Envision an alternate reality we might call "Gamer America."
In Gamer America, every home and office has 20MB/s broadband that's cheaper than milk. Everywhere that real America has a Starbucks or a fast food restaurant, Gamer America instead has LAN hangouts where, for a buck an hour, you can play online 24/7 with all your friends and socialize with the opposite sex. The coolest kids in Gamer America high school go out for the StarCraft team. Gamer America's Commerce Department heavily funds a Domestic Gaming Agency to promote games to your mom and your grandma and the world. And there's a Gamer America network TV channel (not cable, network) broadcasting online game tournaments round the clock. No, wait, there are two channels.
Sounds like an EverQuest fever dream? A console fan's Robitussin high? Okay, Gamer America doesn't exist - in America. But it lives for real - right now! today! - in the Republic of Korea (RoK).
Land of the Wired Baang
Most urban South Koreans live in apartments the size of a walk-in closet, and some may eat nothing but 200 kinds of kimch'i, but they are truly, deeply wired. They don't use the term "broadband" because there is nothing else. They can get a 100-megabit DSL line for $20 a month. The internet streams glass-smooth HDTV and better-than-MP3 music on demand. Korea's Daum.net, a hydra-headed Yahoo!/eBay/Amazon/PayPal/Blogger/ Skype monster, is one of the world's most popular sites, despite accessibility limited only to those who understand the Korean language. The online community Cyworld.com (sort of a Friendster/MySpace/Blogger/ IRC/Flickr) has pulled in a fifth of all South Koreans, including 90 percent of all Internet users aged 20-29.
And everywhere, there are the PC baangs - twenty thousand of them.
A PC baang (pronounced "bahng," "room") is an information-age temple with two or three dozen computers on a fat-pipe network. They all sell computer time by the hour, along with terrible coffee and (for those long gaming sessions) ramen noodles. Under bad lighting, in air gone blue with cigarette smoke, amid an insanely loud thrum of spellcasting and explosions, young and old men sit in Aeron-knockoff chairs. They're downloading bootleg movies in the background and maybe Skyping with friends in Hong Kong or Taiwan, but mostly they're playing Lineage or Ragnarok or a horde of smaller online games like Shot-Online (online golf), APB (cops vs. gangs), and Wiki (time-traveling quests around a World Tree - oh, that old cliché).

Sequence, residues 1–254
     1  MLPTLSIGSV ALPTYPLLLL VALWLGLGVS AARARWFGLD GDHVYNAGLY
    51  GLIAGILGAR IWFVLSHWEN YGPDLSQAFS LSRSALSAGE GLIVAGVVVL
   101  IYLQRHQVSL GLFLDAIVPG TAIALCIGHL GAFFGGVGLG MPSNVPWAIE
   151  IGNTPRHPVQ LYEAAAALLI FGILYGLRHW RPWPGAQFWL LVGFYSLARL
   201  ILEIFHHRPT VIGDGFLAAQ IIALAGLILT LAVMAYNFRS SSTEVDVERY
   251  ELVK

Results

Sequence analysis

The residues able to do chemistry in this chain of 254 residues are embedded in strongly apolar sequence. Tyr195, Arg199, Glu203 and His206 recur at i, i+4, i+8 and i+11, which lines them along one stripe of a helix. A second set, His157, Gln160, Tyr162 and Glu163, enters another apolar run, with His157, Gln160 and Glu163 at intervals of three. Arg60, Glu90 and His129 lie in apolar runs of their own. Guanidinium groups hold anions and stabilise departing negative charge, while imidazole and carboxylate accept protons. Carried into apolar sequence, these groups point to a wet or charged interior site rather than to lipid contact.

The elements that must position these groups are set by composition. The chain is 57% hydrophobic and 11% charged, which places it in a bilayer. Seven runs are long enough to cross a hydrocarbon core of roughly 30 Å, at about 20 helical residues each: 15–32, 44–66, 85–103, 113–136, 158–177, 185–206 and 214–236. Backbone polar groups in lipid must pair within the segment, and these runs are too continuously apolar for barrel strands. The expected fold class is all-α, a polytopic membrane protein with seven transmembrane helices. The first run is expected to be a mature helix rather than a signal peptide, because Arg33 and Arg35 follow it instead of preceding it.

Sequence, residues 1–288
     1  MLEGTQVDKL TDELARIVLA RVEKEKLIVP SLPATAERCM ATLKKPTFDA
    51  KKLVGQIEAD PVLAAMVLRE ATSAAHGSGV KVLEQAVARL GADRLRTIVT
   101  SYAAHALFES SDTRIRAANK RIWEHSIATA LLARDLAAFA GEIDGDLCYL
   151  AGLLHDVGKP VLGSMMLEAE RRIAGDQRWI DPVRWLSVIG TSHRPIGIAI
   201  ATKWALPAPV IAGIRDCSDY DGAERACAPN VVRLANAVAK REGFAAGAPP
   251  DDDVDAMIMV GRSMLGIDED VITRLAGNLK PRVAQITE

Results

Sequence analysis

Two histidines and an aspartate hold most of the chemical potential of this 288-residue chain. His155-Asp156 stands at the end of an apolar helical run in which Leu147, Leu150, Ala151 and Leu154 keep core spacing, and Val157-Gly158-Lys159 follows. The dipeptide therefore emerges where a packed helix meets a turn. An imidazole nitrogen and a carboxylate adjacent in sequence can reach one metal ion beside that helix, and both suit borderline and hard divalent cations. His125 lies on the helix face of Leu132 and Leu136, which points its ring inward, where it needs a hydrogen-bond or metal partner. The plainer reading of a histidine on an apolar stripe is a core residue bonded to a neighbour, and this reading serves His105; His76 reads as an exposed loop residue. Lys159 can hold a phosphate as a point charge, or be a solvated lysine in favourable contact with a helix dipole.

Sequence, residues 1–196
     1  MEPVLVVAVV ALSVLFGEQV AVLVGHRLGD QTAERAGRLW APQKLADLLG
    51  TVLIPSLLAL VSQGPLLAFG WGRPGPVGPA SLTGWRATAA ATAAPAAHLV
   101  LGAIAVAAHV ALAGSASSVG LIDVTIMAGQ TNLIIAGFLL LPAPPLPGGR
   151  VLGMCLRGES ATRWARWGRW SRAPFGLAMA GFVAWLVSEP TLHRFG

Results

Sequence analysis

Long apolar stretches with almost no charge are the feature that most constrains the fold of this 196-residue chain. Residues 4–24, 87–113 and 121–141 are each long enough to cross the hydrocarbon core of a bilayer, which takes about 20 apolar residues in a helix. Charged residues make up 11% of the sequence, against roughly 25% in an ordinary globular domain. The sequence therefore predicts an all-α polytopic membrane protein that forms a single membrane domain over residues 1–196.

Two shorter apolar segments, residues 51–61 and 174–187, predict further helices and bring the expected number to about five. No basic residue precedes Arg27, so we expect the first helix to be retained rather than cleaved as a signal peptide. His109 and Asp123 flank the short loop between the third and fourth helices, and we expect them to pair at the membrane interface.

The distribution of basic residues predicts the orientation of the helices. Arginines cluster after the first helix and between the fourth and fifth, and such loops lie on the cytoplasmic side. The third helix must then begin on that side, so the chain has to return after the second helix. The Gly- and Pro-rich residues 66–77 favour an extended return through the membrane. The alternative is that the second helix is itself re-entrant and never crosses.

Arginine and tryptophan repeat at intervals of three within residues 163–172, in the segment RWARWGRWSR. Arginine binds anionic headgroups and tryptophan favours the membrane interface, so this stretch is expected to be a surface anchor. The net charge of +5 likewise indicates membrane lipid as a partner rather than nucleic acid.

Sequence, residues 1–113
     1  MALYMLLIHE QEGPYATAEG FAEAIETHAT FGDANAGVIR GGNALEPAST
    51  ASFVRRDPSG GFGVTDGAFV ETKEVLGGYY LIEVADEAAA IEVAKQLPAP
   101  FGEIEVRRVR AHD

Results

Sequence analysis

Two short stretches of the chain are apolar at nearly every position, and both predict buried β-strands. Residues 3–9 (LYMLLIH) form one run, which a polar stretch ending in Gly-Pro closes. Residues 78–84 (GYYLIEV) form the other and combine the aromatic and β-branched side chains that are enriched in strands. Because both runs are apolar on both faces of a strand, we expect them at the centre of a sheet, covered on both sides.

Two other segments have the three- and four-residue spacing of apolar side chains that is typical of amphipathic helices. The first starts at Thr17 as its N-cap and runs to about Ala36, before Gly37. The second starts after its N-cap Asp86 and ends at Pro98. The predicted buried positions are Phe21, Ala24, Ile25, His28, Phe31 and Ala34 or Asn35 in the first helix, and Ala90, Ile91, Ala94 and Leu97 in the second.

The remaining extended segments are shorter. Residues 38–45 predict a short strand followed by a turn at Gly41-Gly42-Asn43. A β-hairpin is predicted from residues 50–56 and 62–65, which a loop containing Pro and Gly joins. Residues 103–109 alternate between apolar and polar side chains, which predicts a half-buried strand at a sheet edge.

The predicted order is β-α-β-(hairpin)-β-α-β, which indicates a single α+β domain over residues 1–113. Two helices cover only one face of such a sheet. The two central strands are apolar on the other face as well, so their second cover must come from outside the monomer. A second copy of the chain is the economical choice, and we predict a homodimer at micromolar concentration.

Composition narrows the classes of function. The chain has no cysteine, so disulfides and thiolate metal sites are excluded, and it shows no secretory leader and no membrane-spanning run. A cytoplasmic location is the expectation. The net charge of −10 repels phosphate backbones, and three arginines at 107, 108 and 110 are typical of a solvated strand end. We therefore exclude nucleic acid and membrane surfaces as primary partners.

Above all, they're playing Blizzard's venerable 1998 real-time strategy game StarCraft. Omigod, do Koreans play StarCraft. Competition ladders rank hundreds of thousands of names. Two TV channels broadcast StarCraft matches between professional players.
Fans devoutly track the tactics of celebrated media stars like Lim Yohwan (SlayerS_BoxeR), two-time winner of the World Cyber Games, who has released a DVD of his best games with commentary; Lee Yunyeol ([Red]NaDa), the "Tornado Terran"; and the current #1 player, Choi Yeon Sung (IloveOOv), who won the MBCGame Starleague an amazing three times in a row. The Korean scene draws foreigners as well. Daniel "Rekrul" Schreiber, one of America's best StarCrafters, moved from Ohio to Seoul to play professionally, but then found greater success there playing poker.
With the rise of broadband, Korea's PC baangs have declined from their height in 2000, when there were 50,000 of them for a nation of 50 million people. But gaming is still titanically strong in the Gamer Nation. Tens of thousands of people attend tournaments. Online games have three times the market share of PCs or consoles. Seven online publishers pull in $80 million annually, with 40-50% profit margins, and a dozen more hum along nicely at $30 million. Hundreds of companies "farm" virtual property to resell for actual money. Some Korean MMOGs even connect to the physical world: Players use an SMS gateway to send text messages to their teammates' cellphones.